Friday, November 9, 2012

Black Swan Green, David Mitchell

Do not set foot in my office. That's dad's rule. But the phone'd rung twenty-five times. Normal people give up after ten or eleven, unless it's a matter of life or death.

I enjoyed this one, by the author Cloud Atlas (review coming soon.) "Black Swan Green tracks a single year in what is, for thirteen-year-old Jason Taylor, the sleepiest village in muddiest Worcestershire in a dying Cold War England, 1982. But the thirteen chapters, each a short story in its own right, create an exquisitely observed world that is anything but sleepy. A world of Kissingeresque realpolitik enacted in boys’ games on a frozen lake; of “nightcreeping” through the summer backyards of strangers; of the tabloid-fueled thrills of the Falklands War and its human toll; of the cruel, luscious Dawn Madden and her power-hungry boyfriend, Ross Wilcox; of a certain Madame Eva van Outryve de Crommelynck, an elderly bohemian emigrĂ© who is both more and less than she appears; of Jason’s search to replace his dead grandfather’s irreplaceable smashed watch before the crime is discovered; of first cigarettes, first kisses, first Duran Duran LPs, and first deaths; of Margaret Thatcher’s recession; of Gypsies camping in the woods and the hysteria they inspire; and, even closer to home, of a slow-motion divorce in four seasons."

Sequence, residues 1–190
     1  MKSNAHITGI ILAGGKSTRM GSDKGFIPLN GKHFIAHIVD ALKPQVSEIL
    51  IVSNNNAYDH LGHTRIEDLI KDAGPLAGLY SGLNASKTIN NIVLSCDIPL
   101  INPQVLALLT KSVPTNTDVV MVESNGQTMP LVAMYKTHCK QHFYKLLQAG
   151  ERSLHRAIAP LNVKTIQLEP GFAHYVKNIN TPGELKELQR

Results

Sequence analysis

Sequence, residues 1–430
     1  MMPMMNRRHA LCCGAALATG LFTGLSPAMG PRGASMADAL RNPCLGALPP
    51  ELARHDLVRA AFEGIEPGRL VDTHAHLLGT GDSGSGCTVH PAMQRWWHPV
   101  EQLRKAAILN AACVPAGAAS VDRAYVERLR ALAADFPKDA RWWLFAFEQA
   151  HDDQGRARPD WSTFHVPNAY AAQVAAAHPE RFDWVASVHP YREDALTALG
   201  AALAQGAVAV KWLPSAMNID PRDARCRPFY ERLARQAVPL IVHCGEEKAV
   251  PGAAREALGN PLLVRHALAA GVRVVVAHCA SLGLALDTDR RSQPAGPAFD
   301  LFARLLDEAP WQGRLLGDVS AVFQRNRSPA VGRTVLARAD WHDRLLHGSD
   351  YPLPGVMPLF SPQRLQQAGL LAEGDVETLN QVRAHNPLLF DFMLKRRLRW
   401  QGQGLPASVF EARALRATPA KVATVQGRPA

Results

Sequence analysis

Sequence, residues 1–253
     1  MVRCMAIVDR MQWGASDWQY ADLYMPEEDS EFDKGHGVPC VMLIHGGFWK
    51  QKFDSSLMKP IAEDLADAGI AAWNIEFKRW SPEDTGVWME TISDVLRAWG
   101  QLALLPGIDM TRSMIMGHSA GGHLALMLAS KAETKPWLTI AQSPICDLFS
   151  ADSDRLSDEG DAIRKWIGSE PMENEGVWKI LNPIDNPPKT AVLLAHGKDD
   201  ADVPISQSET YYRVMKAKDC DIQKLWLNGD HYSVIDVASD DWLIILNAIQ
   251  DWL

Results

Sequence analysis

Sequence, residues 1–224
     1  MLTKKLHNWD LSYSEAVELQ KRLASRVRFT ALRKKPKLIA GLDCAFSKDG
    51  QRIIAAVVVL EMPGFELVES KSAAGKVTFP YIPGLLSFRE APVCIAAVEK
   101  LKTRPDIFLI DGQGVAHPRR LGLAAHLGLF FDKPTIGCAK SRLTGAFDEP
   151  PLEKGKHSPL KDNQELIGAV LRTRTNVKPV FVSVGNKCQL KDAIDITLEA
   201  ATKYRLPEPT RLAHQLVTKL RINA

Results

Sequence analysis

I enjoyed the depiction of small town life in this one. Black Swan Green is kind of a book of short stories about Jason Taylor's adventures, though not exactly. You do have to know about the Hangman, which is what Jason calls his stammer. All of the stories were really interesting. Despite its short length, this one is a pretty slow read, because the font was really annoying, and also, there's a lot of British 1980s slang (I'm sure it's changed since then.) All of the characters living in this small town are well portrayed; I think Mitchell did a great job of showing the various types and social hierarchies among the schoolboys too. Also, the slow unraveling of Jason's mother and father's marriage was really good too, shown in every chapter. 

It was interesting, because the book is set during the Falkland War in Argentina, where the British were fighting for control of them. And somehow, they lost to Argentina. At the beginning of the book, everyone is so sure that of course the British will win. But then an inhabitant from the town is killed. It kind of reminded me of Gone With the Wind and the way that the losing side is so sure that they will be the victors. Anyway, I enjoyed this one a lot.

Read Black Swan Green:
  • if you like David Mitchell
  • if you like historical fiction
  • if you like boy "coming-of-age" stories
  • if you like books set in England
  • if you are interested in the Falkland Wars or British history
294 pages. 
Very Good! I would recommend this book!

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